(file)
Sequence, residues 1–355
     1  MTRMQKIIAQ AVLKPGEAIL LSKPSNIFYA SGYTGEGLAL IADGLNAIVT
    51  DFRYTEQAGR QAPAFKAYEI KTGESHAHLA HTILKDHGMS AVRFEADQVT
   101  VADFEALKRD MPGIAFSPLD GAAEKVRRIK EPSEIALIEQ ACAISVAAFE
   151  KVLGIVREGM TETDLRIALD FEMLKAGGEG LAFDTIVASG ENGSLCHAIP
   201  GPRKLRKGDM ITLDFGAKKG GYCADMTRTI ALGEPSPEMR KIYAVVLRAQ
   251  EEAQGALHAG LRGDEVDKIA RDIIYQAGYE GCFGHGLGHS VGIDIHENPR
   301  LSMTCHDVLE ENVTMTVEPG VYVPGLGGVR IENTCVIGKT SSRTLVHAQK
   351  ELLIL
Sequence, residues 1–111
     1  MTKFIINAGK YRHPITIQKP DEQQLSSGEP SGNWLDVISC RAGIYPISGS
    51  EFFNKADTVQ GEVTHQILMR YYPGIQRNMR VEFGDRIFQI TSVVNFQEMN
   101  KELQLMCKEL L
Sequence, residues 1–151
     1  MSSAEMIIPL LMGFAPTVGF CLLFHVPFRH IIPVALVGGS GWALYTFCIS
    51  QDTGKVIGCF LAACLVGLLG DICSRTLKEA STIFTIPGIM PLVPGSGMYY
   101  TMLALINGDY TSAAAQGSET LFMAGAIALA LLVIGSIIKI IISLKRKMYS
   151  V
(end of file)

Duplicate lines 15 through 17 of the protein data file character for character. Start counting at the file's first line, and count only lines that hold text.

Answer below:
     1  MSSAEMIIPL LMGFAPTVGF CLLFHVPFRH IIPVALVGGS GWALYTFCIS
    51  QDTGKVIGCF LAACLVGLLG DICSRTLKEA STIFTIPGIM PLVPGSGMYY
   101  TMLALINGDY TSAAAQGSET LFMAGAIALA LLVIGSIIKI IISLKRKMYS